Mark recommends (probably yet again), the A Programmer's Guide to Data Mining online book.
Mark was heading off to CampJS at the time (yep, it was that long ago we recorded this).
Mark talks about Google App Engine (apparently I'm doing all the talking here). What specifically I talk about I can't remember. From the notes it looks like Managed VMs and the Asia Pacific data centre.
Kai tries to tie Heartbleed to ColdFusion. It's doesn't work.
I think that about covers it! I think I'm now going to listen to the podcast again, just so I can remember what we said.
Oh yeah, I'm not unemployed any more, either.
January 16th, 2014
- Webstock 2014 (Wellington)
- cf.Objective() (Minneapolis) (speaking)
- Scotch on the Rocks (Edinburgh) (speaking)
- Webinale or Int'l PHP conference (Berlin) (topics submitted)
- Pycon AU (Brisbane)
- CFCamp (Munich)
- Lambda Jam AU
- Strange Loop (St. Louis)
November 9th, 2013
- Xmonad - a window manager system for Linux:
- If Xmonad looks interesting to you - here's something similar for OS X: Slate
- Wordpress (Mark has a new blog...): https://github.com/markmandel/ansible_wordpress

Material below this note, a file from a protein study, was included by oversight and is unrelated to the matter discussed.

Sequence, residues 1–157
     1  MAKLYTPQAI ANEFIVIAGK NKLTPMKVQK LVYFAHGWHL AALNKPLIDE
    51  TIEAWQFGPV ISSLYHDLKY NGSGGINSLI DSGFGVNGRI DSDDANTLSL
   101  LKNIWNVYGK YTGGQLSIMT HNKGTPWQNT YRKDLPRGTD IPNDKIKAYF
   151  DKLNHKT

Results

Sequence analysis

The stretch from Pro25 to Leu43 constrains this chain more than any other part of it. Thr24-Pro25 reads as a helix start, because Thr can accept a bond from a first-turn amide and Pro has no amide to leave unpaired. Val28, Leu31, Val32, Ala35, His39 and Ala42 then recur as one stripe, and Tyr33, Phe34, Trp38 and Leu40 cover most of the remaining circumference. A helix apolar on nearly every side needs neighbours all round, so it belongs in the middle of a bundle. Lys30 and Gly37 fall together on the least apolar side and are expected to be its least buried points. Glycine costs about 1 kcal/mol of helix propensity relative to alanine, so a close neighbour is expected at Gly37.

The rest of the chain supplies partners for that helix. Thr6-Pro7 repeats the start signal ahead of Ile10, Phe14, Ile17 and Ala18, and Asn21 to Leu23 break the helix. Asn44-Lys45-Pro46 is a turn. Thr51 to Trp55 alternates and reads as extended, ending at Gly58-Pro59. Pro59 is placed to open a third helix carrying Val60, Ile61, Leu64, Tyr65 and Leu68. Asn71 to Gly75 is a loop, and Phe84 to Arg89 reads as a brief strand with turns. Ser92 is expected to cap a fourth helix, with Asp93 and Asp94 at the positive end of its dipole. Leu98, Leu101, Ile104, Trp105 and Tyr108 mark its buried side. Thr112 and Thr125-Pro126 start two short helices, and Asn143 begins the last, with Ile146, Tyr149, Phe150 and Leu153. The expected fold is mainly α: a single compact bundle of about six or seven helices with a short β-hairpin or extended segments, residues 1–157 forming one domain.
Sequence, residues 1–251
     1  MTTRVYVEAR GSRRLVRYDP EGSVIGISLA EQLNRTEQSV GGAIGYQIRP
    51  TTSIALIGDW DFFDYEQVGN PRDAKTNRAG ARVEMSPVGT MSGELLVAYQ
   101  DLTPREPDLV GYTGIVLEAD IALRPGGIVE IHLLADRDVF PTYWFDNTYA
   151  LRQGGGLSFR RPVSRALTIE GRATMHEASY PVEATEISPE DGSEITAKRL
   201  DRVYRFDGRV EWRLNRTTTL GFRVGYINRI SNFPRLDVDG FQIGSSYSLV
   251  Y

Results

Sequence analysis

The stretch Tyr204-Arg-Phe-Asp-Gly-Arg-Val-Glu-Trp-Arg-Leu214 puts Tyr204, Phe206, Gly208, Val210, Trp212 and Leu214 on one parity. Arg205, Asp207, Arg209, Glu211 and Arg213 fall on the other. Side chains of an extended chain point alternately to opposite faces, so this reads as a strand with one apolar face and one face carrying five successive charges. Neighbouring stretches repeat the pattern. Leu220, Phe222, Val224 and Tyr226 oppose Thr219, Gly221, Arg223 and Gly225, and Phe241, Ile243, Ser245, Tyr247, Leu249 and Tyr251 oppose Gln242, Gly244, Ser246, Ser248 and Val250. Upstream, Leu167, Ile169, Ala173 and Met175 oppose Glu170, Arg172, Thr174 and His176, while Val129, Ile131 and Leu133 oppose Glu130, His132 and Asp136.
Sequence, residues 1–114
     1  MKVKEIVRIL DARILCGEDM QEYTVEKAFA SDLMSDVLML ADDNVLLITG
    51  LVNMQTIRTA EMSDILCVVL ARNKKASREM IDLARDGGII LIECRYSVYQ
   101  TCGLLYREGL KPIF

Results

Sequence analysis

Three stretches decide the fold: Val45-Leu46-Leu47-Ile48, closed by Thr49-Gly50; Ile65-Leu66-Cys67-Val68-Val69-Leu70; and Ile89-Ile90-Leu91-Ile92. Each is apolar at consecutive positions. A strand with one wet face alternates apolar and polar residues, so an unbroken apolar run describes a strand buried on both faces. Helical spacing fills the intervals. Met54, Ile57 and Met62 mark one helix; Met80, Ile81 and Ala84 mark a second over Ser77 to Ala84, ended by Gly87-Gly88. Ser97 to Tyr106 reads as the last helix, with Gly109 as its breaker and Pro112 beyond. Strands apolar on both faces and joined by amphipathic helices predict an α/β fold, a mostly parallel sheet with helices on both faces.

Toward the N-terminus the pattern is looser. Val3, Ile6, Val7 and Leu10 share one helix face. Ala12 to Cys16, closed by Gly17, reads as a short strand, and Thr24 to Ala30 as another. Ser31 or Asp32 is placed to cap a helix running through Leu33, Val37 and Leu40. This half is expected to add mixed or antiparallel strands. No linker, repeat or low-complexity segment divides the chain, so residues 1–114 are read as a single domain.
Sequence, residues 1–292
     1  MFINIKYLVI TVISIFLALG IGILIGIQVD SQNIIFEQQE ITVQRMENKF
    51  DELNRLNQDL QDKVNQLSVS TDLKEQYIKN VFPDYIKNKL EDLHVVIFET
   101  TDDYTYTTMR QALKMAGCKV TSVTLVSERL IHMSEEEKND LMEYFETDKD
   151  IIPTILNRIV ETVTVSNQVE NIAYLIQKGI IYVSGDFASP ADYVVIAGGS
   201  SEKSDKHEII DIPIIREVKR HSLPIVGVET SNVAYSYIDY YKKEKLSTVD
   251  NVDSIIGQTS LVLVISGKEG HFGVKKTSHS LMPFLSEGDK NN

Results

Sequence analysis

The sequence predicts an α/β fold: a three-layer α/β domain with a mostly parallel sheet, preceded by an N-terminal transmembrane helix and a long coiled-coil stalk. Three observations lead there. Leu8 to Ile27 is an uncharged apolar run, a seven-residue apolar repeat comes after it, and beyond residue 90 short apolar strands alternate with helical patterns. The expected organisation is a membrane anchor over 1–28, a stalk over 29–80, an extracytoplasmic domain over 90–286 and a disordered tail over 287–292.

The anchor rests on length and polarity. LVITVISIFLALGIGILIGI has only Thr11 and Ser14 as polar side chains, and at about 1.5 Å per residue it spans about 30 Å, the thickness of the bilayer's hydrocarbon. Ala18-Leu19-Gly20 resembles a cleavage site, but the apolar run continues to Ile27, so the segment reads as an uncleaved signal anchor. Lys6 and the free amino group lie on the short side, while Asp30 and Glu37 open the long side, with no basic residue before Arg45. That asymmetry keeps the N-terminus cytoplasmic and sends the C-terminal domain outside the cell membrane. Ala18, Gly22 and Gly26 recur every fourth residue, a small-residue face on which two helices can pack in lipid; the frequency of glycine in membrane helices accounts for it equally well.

- Raygun.io CFML: https://github.com/TheRealAgentK/raygun4cfml
- Mark's "Skype-replacement-that-will-rule-all-chats" based on Clojure, Clojurescript, AngularJS, Elastic Search and some other bits and pieces...
- Good AngularJS book: http://www.packtpub.com/angularjs-web-application-development/book
- Kai's trying to integrate his Phillips Hue lights with a Raspberry Pi via Python
- AirPi, the weather station kit Kai's waiting for to arrive.
- KiwiJS - a JS-based game engine for 2D-platform jump&run&shoot games: http://www.kiwijs.org
- Here's the very interesting talk Mark mentioned about reactive programming.
July 17th, 2013
G'day, it's been a while.
Today's episode features our first 2DDU Technology Radar. Oi? What?
The guys at Thoughtworks have recently gained a lot of well-deserved fame for doing their Technology Radar. It's essentially a structured list of "stuff" to use, look at, evaluate or be careful with when it comes to technology. It contains everything from processes via platforms and tools up to specific technologies and languages.